2008 Farm Bill Leaving Rural Development Behind

Release Date: 

10/08/2008

Contact(s): 

Jon Bailey, jonb@cfra.org, (402) 687-2103 ext. 1013 or Kim Preston, kimp@cfra.org, (402) 687-2103 ext. 1022
LYONS, NE - The Center for Rural Affairs' most recent Rural Brief offers an analysis of rural development spending and programs in the 2008 Farm Bill.
The Farm Bill continues considerable funding for commodity subsidy programs, $35 billion over the 5 year life of the Farm Bill to be exact. An additional $10.4 billion was authorized for nutrition programs and $25 billion for conservation programs.

In comparison, the Farm Bill only requires $150 million in spending for three rural development programs over the life of the Farm Bill. That is a 233:1 ratio of commodity subsidy spending to rural development spending.

The gap between commodity subsidy spending and rural development spending is even greater when one considers only two business and entrepreneurial development programs received a Congressional guarantee of funding (mandatory spending) in the bill – a ratio of $1,167 commodity subsidy spending for every $1 of rural development spending that promotes entrepreneurship.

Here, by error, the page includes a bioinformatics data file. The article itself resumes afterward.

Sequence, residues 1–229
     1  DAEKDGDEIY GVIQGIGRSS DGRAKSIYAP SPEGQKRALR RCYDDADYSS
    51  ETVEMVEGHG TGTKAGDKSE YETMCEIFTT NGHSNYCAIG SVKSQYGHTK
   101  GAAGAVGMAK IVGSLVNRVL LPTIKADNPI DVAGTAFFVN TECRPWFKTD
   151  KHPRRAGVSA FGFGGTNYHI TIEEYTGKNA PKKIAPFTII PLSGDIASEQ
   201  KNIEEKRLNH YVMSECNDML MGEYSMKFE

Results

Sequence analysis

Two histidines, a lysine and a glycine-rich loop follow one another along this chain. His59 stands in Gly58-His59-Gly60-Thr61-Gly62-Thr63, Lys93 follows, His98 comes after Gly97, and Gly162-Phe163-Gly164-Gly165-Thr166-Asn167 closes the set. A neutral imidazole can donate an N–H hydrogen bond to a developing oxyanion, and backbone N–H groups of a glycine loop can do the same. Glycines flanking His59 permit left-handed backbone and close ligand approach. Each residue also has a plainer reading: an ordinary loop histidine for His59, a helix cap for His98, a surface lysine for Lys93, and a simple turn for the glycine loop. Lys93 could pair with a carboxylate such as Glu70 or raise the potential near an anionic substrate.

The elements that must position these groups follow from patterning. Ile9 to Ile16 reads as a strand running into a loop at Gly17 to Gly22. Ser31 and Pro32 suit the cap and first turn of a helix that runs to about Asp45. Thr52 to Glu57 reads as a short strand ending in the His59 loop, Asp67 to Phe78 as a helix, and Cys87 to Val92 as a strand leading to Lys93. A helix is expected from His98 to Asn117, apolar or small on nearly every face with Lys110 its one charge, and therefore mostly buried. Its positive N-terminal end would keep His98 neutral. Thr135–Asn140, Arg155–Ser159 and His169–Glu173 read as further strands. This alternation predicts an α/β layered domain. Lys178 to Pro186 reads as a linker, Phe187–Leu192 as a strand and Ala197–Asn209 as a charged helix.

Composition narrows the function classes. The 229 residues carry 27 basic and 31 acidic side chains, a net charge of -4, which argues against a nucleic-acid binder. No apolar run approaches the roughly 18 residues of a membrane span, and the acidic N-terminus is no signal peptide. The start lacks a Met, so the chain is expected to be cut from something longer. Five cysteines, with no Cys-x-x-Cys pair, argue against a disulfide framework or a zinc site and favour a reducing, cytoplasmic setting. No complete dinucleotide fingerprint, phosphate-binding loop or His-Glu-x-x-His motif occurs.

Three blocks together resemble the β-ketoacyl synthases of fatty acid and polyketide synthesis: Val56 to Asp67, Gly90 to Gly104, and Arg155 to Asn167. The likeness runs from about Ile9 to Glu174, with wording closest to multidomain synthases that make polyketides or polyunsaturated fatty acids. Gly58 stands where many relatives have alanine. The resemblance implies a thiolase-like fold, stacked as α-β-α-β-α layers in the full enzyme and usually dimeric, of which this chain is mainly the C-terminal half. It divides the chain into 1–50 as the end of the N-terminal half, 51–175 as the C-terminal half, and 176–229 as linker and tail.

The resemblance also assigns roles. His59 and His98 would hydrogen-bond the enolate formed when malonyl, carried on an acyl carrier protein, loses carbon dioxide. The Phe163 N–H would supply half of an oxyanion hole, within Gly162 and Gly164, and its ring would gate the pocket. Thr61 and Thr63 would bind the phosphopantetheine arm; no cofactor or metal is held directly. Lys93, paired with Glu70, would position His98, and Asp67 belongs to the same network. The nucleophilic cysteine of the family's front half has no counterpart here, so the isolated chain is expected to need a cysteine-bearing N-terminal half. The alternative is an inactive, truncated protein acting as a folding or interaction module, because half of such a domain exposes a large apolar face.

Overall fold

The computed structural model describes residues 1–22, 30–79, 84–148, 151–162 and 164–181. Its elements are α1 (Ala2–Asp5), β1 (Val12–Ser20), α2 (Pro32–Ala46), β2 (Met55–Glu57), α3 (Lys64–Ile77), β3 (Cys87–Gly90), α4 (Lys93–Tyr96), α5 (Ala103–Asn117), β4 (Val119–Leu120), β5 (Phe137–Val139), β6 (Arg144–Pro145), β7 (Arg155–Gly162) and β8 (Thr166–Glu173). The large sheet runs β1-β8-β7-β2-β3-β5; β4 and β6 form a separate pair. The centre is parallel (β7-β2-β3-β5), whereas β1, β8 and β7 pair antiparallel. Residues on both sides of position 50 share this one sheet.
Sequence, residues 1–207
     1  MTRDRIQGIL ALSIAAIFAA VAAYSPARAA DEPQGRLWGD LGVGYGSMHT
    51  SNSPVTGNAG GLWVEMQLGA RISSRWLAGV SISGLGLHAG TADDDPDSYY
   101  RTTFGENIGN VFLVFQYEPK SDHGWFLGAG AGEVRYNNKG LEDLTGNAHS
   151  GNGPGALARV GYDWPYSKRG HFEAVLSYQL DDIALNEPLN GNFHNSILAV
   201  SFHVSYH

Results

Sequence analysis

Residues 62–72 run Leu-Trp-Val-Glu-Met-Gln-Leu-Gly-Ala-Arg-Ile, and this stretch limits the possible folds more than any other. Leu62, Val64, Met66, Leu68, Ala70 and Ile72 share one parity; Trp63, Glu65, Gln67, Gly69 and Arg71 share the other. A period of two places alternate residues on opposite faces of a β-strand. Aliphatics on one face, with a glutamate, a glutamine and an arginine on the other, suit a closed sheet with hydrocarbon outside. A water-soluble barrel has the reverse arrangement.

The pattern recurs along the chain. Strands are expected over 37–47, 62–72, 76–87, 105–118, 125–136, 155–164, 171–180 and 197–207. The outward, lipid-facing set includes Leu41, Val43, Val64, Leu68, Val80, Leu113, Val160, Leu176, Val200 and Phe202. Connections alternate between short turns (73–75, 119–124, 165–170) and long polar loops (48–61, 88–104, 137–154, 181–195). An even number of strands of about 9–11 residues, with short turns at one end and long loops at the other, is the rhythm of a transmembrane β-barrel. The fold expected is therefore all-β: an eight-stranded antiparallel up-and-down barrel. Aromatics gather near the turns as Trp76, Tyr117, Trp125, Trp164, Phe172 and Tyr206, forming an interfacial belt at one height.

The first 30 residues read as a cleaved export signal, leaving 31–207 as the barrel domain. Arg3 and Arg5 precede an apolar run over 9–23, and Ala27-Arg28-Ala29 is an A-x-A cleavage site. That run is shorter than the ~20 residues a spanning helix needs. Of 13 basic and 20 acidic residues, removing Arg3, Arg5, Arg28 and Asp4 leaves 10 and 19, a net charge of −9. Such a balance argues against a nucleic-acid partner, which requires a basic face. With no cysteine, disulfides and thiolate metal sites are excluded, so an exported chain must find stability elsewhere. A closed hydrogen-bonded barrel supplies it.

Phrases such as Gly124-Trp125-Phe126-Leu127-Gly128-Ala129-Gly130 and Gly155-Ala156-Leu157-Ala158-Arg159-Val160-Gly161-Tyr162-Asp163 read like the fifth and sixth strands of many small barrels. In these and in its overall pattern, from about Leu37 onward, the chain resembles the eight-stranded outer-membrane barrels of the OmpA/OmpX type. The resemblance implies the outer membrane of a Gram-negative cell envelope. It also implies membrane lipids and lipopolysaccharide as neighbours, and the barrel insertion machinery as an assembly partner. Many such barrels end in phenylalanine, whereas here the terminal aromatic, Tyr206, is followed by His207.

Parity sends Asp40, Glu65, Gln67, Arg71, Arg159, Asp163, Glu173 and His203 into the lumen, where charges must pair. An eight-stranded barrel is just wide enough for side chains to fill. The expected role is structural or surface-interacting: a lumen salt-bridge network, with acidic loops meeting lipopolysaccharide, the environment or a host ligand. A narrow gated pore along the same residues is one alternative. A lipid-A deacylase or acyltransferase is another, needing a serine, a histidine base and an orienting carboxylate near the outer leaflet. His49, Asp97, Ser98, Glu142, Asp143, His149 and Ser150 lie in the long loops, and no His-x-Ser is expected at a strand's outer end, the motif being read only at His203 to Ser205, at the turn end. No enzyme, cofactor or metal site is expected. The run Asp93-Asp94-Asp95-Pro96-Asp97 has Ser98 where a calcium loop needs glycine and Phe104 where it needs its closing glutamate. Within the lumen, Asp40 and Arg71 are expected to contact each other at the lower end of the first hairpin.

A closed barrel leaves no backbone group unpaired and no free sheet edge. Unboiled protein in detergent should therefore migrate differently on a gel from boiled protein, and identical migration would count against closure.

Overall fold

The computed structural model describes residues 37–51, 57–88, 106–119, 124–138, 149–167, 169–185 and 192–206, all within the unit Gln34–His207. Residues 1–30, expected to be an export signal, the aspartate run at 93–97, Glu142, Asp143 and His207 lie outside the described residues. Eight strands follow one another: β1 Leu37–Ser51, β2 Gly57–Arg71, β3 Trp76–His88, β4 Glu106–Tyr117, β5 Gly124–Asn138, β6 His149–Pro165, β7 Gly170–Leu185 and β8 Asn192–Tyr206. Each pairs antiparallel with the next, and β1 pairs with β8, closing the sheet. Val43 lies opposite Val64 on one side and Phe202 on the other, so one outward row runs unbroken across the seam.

“The decisions made about rural development funding in the final version of the Farm Bill continue to demonstrate the neglect Congress has toward our rural communities and small towns. The policy and funding decisions made in Washington continue to hollow out initiatives that build wealth and assets for rural people and in our communities,” said Jon Bailey, Director of the Rural Research and Analysis Program at the Center for Rural Affairs and author of the Rural Brief.
 
“The future of our communities depends on strong rural development initiatives. These initiatives and investment in them build businesses, create jobs and enhance the quality of life in our communities. If we want our communities to be attractive, economically viable places to live, we need a stronger investment in rural development,” said Bailey.

The 2008 Farm Bill also represents an 85% reduction in rural development spending that is mandatory and therefore does not require further funding approval by congressional appropriators.  In comparison, the 2002 Farm bill allocated $1.03 billion in mandatory spending for rural development programs.

To view the entire Rural Brief: http://www.cfra.org/node/1419

The Rural Brief is a publication of the Center for Rural Affairs and analyzes federal Executive, Legislative and Administrative action concerning rural development and asset-building programs and initiatives. The Rural Brief is available both electronically and in print. Call the Center at 402-687-2100 or email at info@cfra.org.

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